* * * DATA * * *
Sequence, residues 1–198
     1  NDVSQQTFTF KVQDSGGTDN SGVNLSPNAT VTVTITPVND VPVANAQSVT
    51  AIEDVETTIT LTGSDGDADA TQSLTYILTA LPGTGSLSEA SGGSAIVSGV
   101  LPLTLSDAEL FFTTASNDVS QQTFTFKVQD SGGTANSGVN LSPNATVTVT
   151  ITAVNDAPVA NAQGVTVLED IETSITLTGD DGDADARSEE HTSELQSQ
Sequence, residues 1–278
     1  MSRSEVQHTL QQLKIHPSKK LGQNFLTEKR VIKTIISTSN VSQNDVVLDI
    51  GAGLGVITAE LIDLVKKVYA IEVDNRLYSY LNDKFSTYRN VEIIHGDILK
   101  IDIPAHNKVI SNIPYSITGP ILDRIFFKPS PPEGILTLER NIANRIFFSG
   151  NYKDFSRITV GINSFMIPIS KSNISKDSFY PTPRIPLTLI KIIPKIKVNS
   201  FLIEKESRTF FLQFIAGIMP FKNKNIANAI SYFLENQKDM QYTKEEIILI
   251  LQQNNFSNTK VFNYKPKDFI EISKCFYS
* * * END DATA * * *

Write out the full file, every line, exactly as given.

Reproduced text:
Sequence, residues 1–198
     1  NDVSQQTFTF KVQDSGGTDN SGVNLSPNAT VTVTITPVND VPVANAQSVT
    51  AIEDVETTIT LTGSDGDADA TQSLTYILTA LPGTGSLSEA SGGSAIVSGV
   101  LPLTLSDAEL FFTTASNDVS QQTFTFKVQD SGGTANSGVN LSPNATVTVT
   151  ITAVNDAPVA NAQGVTVLED IETSITLTGD DGDADARSEE HTSELQSQ
Sequence, residues 1–278
     1  MSRSEVQHTL QQLKIHPSKK LGQNFLTEKR VIKTIISTSN VSQNDVVLDI
    51  GAGLGVITAE LIDLVKKVYA IEVDNRLYSY LNDKFSTYRN VEIIHGDILK
   101  IDIPAHNKVI SNIPYSITGP ILDRIFFKPS PPEGILTLER NIANRIFFSG
   151  NYKDFSRITV GINSFMIPIS KSNISKDSFY PTPRIPLTLI KIIPKIKVNS
   201  FLIEKESRTF FLQFIAGIMP FKNKNIANAI SYFLENQKDM QYTKEEIILI
   251  LQQNNFSNTK VFNYKPKDFI EISKCFYS